By the time I was packed up to leave in the morning, everyone but the maintenance man had vamoosed. He took a break from his job of raking the gravel around the parking lot (I don't know what for) to head inside and help me dump a pile of ice in my cooler. I'm pretty sure that a fair amount of it melted just between the office and the car. It was hot out!
That is one long-ass road. I bet it took a lot of work to lay it down. And someone had to go along in a truck, with a bucket of tar, and paint over all those cracks, when they appeared years later. I get to just cruuuiise over it all, while Ennio Morricone plays in the background!
When you need a new building, why not use the materials at hand?
Makes me thirsty just looking at it!
I love the spooky atmosphere of abandoned structures. Must appeal to some primitive part of my psyche. This shot avoids most of the creative - and profane - graffiti coating most of the walls.
This is a sign advertising a portion of the tree behind it. You've totally gotta stop in and purchase some of this tree.
Another self-portrait. I'm hamming it up, since the gadgets I'm using are new and exciting. Wooo!
This is Jonas. I passed by him as he was cycling west, and my conscience - and sense of adventure - forced me to turn around and offer him a drink. He was pleased for both the water and the conversation - long-haul cycling through the desert can get pretty lonely sometimes.
But long-haul cycling is also totally awesome. Check out his blog post for that day. Before running in to me, he rode alongside a herd of wild horses! And after that, he rode through a sandstorm!! Adventure on the open road. Seeing him made me want to start planning my next big ride. But I was already in the middle of a drive, so ... onward!
I got to watch some dust storms grinding their way across the desert. Neat stuff.
It got up to a breezy 109 degrees outside, according to the car. Time to stop and take more photos!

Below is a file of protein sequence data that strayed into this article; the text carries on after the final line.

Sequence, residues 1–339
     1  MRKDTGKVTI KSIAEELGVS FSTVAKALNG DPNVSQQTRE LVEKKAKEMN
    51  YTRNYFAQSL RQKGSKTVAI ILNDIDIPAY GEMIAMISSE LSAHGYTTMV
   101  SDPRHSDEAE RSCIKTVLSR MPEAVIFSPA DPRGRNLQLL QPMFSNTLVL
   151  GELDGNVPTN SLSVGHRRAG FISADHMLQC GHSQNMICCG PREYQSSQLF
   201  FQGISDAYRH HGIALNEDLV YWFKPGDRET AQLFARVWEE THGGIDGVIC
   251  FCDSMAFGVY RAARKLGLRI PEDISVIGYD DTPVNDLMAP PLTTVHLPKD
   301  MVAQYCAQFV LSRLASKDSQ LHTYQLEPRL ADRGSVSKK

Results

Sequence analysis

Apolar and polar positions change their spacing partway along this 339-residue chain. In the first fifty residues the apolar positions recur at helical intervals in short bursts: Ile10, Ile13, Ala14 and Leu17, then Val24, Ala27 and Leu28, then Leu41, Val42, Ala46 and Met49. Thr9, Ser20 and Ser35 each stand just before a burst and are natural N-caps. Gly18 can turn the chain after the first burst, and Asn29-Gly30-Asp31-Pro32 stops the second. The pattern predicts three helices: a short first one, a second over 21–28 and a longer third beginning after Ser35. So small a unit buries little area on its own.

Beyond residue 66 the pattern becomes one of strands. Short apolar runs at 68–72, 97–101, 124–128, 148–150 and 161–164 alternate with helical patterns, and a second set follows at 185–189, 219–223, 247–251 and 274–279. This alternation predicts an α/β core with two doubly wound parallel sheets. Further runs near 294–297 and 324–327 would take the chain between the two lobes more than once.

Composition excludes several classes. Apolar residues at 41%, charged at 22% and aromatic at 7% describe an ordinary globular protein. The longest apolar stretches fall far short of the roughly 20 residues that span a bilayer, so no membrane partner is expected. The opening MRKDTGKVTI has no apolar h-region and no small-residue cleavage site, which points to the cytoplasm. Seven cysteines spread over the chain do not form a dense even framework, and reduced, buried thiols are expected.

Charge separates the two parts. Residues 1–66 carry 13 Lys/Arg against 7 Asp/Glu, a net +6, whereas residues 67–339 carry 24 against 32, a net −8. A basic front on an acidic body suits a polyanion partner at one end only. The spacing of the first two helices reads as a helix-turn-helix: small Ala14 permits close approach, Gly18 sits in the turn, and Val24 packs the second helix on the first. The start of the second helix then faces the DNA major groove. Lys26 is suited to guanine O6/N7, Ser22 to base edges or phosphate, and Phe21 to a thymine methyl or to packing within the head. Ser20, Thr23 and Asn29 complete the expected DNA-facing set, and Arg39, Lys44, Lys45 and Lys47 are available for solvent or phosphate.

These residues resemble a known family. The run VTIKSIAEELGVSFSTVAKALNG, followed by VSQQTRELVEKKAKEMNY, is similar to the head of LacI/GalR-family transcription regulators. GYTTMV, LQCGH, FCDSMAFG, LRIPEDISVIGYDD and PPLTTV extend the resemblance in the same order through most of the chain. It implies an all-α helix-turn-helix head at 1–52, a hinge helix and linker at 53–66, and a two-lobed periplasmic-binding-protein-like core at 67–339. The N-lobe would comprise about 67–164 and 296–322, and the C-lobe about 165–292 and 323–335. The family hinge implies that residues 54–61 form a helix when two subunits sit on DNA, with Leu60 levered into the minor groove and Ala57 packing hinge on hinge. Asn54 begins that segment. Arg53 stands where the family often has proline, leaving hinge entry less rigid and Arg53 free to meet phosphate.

This looks like a good spot!
Enjoying the dry heat, and groovin' on my playlist, as I set up the camera for another panorama.
This is the tripod and camera mount, without the camera inside. It only takes a few minutes to calibrate the thing, and if you can remember what your settings were between shots (which I'm not bothering to do) it doesn't need calibration at all.
This is the 360-degree panorama, laid out on a rectangle. You can also view it as an interactive Quicktime object, by clicking this link. Click and drag the pointer around to pan, and use the shift and control keys on the right-hand side of your keyboard to zoom in and out. Pretty dang awesome!
(To make the panorama work on most computers, I've scaled the detail down. The original photo is over 25 thousand pixels wide! The Quicktime object was rendered at about one fifth of that resolution.)
While waiting for the panorama to finish, I saw this neat plant growing nearby. It's a Cholla cactus; also known as "jumping cactus" or "teddybear cactus". (Shout-outs to Erika for doing the research on this!)
As I was packing up, a few cattle decided to mosey across the road, because ... why not!
While I definitely believe that bicycling is the best way to really see the territory you're passing through, I have to admit, I still saw some pretty amazing stuff just looking through the windshield of Reno the Honda CRV...
This is the sort of stuff you get if you just wave the camera out the window while driving through southern Utah.
I drove until night fell, and I ended up in Kanab, Utah. I checked into the motel, taking note of the large array of books stacked on a table in the foyer. They were all The Book Of Mormon, translated into different languages.
Once my stuff was unpacked and I'd rested for a while, I drove around Kanab, looking for the BLM office I would need to visit at 8:30am the next day to apply for a permit to hike The Wave. I found it on the edge of town, and when I saw the burger joint across the street I realized I was hungry, so I went in to purchase the first of what would prove to be many low-grade meals during this road trip.
Turns out the burger joint sells my soft taco. That sounds very questionable!
After placing my order, I sat down at one of the tables. Someone had left a business card on it. It was a garish advertisement for some online video, filled with hype about how great the video was but explaining nothing of the content. "Two million views in two months!" it boasted. "Heh," I thought, "I've seen videos of cats falling off tables, with more views than that, and in a shorter time."